WhatIs.com Word of the Day Archive


December 18, 2007  8:14 PM

Video: What is the purpose of a SAN?

Margaret Rouse Margaret Rouse Profile: Margaret Rouse

[kml_flashembed movie="http://youtube.com/v/J3qzpKSGoSQ" width="425" height="350" wmode="transparent" /]

December 18, 2007  7:51 PM

Overheard: In love with a geek?

Margaret Rouse Margaret Rouse Profile: Margaret Rouse

Give this one a minute. Literally. I promise you’ll warm up to it.

[kml_flashembed movie="http://youtube.com/v/m8cJHRSBXSY" width="425" height="350" wmode="transparent" /]


December 18, 2007  7:32 PM

Overheard: Wikis in Plain English

Margaret Rouse Margaret Rouse Profile: Margaret Rouse

[kml_flashembed movie="http://youtube.com/v/-dnL00TdmLY" width="425" height="350" wmode="transparent" /]


December 18, 2007  7:26 PM

Overheard: Erik MacGyver in the datacenter

Margaret Rouse Margaret Rouse Profile: Margaret Rouse
cd_drawer.gif “I’d have to position the servers just right, somehow get the heights and alignment correct, and update the polling script to eject the CD ROM drive any time it didn’t respond to ping.”Jake Vinson, ITAPPMONROBOT

I love this story. I can picture it perfectly in my head. Reminds me of our old IT Bloopers series.


December 18, 2007  6:40 PM

Overheard: W3C XML Schemas lack elegance

Margaret Rouse Margaret Rouse Profile: Margaret Rouse
tim-bray.jpg W3C XML Schemas (XSD) suck. They are hard to read, hard to write, hard to understand, have interoperability problems, and are unable to describe lots of things you want to do all the time in XML.

Tim Bray, as quoted in Should you be using RELAX-NG?

Tim was co-editor of the XML 1.0 specification and created the first parser software for XML documents. Currently, he is the Director of Web Technologies for Sun Microsystems.


December 18, 2007  5:52 PM

Overheard: You know you’re a geek if you tattoo cables on your arm

Margaret Rouse Margaret Rouse Profile: Margaret Rouse

[kml_flashembed movie="http://www.youtube.com/v/lRkJh5lLZ5s" width="425" height="350" wmode="transparent" /]


December 18, 2007  12:14 PM

Overheard: The web is one big fuzz test

Margaret Rouse Margaret Rouse Profile: Margaret Rouse
matt-cutts.jpg I can tell you that the web is a fuzz test. If you write a program to process web pages, there are few better workouts for your program than to pipe a huge number of web pages into your program.

Matt Cutts, The web is a fuzz test: patch your browser and your web server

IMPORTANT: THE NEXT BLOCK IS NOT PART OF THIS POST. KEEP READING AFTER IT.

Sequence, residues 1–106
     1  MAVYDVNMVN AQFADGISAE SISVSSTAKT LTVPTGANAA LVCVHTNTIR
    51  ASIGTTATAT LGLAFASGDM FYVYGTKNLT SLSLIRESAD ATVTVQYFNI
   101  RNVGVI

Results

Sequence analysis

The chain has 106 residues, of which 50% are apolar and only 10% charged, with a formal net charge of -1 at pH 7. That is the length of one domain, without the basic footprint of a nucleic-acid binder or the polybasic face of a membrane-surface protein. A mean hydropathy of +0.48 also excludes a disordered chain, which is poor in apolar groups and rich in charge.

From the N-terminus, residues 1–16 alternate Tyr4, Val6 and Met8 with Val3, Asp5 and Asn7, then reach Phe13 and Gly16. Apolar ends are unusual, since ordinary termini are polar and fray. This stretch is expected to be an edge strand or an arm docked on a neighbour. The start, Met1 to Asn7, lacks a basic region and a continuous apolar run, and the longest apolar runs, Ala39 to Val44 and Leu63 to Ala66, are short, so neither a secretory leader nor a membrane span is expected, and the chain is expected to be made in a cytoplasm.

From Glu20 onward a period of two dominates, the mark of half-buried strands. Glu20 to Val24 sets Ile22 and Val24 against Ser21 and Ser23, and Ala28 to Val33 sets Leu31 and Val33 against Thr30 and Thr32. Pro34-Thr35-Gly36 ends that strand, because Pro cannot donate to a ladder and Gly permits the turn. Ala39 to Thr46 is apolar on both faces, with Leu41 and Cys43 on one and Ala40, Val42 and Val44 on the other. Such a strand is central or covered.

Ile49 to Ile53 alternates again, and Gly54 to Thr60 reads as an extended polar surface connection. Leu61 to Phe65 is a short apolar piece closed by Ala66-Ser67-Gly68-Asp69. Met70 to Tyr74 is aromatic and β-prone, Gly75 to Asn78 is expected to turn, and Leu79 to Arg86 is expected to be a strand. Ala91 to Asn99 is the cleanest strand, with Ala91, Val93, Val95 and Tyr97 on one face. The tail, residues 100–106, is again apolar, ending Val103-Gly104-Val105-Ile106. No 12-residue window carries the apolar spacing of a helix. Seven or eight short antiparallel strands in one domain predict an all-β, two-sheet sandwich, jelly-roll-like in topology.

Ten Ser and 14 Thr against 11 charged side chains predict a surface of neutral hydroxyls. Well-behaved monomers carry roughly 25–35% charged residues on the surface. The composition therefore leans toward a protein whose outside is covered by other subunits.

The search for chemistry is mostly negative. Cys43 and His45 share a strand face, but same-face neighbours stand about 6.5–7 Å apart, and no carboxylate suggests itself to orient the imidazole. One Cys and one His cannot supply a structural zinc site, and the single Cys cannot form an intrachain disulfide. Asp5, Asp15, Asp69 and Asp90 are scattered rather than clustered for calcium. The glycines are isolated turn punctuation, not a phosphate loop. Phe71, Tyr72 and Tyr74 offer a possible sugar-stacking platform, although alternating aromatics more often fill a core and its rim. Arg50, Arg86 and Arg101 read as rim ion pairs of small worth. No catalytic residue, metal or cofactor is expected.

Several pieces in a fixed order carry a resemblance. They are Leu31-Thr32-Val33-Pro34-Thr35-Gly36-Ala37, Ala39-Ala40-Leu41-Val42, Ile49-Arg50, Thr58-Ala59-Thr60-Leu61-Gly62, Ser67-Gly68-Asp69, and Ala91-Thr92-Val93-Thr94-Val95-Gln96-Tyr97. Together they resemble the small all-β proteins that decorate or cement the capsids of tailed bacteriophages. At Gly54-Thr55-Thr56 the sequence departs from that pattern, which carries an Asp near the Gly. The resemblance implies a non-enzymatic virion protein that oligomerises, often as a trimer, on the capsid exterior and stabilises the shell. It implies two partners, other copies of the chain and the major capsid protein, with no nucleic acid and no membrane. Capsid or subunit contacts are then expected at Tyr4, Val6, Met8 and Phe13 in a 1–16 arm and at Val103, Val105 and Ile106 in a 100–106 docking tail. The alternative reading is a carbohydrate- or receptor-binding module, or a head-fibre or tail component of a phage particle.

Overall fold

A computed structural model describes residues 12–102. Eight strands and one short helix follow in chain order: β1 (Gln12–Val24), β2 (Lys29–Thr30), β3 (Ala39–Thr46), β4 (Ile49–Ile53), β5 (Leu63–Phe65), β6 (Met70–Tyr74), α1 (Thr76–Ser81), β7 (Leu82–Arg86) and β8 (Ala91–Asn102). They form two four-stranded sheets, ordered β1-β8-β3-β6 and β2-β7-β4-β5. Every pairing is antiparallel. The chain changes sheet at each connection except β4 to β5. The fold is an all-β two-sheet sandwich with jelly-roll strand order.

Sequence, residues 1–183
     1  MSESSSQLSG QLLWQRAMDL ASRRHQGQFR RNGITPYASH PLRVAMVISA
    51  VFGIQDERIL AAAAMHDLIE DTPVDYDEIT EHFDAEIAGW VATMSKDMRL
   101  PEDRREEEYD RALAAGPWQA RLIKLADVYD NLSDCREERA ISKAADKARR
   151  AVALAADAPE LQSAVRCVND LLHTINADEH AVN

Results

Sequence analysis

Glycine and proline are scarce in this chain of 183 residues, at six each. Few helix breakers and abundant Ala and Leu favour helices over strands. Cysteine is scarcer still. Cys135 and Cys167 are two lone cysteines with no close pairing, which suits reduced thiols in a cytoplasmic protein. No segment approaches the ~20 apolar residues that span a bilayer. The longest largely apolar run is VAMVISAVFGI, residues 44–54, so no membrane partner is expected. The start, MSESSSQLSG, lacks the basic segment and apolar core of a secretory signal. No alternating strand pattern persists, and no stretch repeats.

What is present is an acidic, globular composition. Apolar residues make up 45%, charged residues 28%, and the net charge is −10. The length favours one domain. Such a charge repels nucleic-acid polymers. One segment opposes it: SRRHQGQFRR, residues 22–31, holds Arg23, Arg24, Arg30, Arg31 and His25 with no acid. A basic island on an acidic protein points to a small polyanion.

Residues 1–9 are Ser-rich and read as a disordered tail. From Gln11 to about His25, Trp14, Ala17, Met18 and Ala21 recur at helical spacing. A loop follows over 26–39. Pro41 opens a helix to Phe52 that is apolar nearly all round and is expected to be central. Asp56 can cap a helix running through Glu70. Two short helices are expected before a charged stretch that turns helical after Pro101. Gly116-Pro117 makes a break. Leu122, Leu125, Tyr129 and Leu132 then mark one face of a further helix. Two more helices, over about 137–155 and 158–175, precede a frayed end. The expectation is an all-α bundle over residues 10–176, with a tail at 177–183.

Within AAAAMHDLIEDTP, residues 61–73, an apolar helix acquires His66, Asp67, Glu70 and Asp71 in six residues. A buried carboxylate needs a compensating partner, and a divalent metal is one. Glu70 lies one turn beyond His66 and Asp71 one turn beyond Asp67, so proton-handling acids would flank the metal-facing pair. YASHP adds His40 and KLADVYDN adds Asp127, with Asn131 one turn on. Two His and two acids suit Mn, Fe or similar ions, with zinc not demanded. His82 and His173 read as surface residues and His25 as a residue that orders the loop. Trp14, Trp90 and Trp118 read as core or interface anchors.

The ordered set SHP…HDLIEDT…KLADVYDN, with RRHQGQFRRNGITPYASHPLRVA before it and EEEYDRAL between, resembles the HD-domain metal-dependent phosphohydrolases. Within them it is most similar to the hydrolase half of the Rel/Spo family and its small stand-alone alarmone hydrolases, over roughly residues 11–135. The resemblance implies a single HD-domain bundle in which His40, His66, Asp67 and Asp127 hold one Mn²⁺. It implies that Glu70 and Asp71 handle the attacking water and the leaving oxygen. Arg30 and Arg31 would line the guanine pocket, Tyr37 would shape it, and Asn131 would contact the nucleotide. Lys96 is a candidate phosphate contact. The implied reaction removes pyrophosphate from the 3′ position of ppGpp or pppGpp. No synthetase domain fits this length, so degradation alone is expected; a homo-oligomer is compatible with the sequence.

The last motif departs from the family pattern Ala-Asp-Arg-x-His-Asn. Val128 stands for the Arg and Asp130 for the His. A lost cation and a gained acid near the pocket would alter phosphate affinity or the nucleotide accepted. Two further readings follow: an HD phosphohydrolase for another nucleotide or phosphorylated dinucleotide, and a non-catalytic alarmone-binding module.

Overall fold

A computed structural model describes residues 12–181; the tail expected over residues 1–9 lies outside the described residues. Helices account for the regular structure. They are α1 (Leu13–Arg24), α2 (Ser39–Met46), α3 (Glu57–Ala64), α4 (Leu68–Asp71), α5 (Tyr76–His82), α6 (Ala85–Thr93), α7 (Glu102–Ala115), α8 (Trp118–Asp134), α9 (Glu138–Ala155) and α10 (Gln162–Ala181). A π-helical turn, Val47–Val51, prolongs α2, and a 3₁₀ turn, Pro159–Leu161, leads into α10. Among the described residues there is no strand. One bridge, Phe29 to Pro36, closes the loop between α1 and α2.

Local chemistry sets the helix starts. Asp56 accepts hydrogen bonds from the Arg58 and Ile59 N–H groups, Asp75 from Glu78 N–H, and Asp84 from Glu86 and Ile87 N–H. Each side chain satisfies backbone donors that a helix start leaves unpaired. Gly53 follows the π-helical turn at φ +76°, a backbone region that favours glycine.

Matt writes: One of my favorite computer science papers is a 1990 paper titled “An Empirical Study of the Reliability of UNIX Utilities”. The authors discovered that if they piped random junk into UNIX command-line programs, a remarkable number of them crashed. Why? The random input triggered bugs, some of which had probably hidden for years. Up to a third of the programs that they tried crashed.

That paper helped popularize fuzz testing, which tests programs by giving random gibberish as input. Some people call this a monkey test, as in “Pound on the keyboard like a caffeine-crazed monkey for a few minutes and see if the program crashes.”


December 17, 2007  4:24 PM

Overheard: Facebook as an intranet CMS

Margaret Rouse Margaret Rouse Profile: Margaret Rouse
bill-ives.jpg “They established a private Facebook group for Serena employees and they built a few simple custom Facebook apps to better enable intranet functions. Now they provide links through Facebook to documents stored securely behind the firewall. Access is just as secure as any other method.”

Bill Ives, Serena has Adopted Facebook as Their Intranet


December 17, 2007  4:14 PM

Video: Web 2.0 Bubble

Margaret Rouse Margaret Rouse Profile: Margaret Rouse

[kml_flashembed movie="http://www.youtube.com/v/I6IQ_FOCE6I" width="425" height="350" wmode="transparent" /]
“Here Comes Another Bubble” Credits (Versions 1.0 and 1.1)
Performed by The Richter Scales Music


December 17, 2007  3:53 PM

Overheard: Googlepedia

Margaret Rouse Margaret Rouse Profile: Margaret Rouse
michael_arrington.jpg “Anyone writing for Knol is likely to at least peruse Wikipedia content before publishing. And if they see anything good, they are at liberty to simply lift and copy it over to Knol, and get a adsense check for their time.So, in a way, Google has found a way to monetize Wikipedia content after all.”

Michael Arrington, A Few Thoughts On Google Knol

It’s been interesting to watch Google and Wikipedia battle it out. Wikia is supposed to announce their new search engine soon, meanwhile Google stays one jump ahead by announcing “Knol.” According to Udi Manber (Google official blog), a knol is short for a unit of knowledge.

Google  says “A knol on a particular topic is meant to be the first thing someone who searches for this topic for the first time will want to read.”

Other points of interest: “The key idea behind the knol project is to highlight authors. Books have authors’ names right on the cover, news articles have bylines, scientific articles always have authors — but somehow the web evolved without a strong standard to keep authors names highlighted.”


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